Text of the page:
When scientists think about truth, they often think about it in the context of their own work: the ability of scientific ideas to explain our world. These explanations can take many forms. On the simple end, we have basic empirical laws (such as how metals change their conductivity with temperature), in which we fit the world to some sort of experimentally derived curve. On the more complicated and more explanatory end of the scale, we have grand theories for our surroundings. From evolution by natural selection to quantum mechanics and Newton’s law of gravitation, these types of theories can unify a variety of phenomena that we see in the world, describe the mechanisms of the universe beyond what we can see with our own eyes, and yield incredible predictions about how the world should work.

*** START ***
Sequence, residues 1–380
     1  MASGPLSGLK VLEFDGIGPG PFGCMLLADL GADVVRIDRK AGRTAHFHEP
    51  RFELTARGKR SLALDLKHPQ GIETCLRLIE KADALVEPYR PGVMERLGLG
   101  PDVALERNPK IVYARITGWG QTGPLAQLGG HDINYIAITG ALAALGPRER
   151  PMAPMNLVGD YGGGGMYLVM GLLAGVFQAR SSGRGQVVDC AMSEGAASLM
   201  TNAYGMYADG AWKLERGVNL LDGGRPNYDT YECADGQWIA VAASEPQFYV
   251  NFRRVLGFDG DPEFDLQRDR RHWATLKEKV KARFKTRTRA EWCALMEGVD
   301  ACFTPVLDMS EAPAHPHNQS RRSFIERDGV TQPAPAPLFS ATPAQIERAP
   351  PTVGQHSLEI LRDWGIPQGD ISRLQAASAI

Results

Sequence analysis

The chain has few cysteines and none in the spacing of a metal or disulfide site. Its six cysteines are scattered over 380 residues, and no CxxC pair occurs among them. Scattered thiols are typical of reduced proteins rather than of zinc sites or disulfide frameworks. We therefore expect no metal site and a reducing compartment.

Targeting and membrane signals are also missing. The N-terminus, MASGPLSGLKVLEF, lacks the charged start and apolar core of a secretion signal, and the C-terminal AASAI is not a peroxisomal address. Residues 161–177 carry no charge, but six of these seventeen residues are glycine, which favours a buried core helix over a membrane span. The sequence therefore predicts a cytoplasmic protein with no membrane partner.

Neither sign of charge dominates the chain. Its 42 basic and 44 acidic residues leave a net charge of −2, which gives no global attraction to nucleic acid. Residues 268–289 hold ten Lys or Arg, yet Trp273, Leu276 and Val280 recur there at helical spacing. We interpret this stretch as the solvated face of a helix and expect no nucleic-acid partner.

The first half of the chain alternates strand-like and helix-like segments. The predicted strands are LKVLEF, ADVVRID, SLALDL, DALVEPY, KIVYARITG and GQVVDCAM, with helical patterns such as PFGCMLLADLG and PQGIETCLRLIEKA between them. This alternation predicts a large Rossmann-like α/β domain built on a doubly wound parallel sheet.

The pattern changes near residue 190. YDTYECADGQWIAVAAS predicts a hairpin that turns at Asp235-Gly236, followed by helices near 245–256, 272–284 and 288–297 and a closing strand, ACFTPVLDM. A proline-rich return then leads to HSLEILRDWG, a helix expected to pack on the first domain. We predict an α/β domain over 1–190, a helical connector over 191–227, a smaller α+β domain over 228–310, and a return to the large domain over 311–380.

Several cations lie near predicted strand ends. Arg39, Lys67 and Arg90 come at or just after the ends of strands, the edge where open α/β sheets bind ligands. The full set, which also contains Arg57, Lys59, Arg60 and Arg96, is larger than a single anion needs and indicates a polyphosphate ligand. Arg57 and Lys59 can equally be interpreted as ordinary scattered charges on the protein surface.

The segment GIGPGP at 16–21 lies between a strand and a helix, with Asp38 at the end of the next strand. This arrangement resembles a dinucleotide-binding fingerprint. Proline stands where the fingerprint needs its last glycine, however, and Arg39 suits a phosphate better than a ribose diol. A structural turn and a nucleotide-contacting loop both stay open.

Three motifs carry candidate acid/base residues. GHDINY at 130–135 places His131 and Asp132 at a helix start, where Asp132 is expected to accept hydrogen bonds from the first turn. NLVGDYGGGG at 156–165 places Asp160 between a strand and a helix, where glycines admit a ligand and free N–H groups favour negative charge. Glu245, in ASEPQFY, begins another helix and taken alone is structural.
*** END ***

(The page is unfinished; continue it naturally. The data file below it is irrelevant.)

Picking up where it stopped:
During the early 20th century, evolutionary biologists successfully built the modern evolutionary synthesis. In this synthesis they brought the worlds of the very small (genetics) and the worlds of the very large and deep (selection) together to create our modern understanding of evolution. Physics has had a difficult time creating their own "grand unified theory" (which would bring together quantum mechanics and general relativity). I have thought for a while that the discovery of this synthesis will be made by artificial intelligence.

posted by thenewgreen: 2304 days ago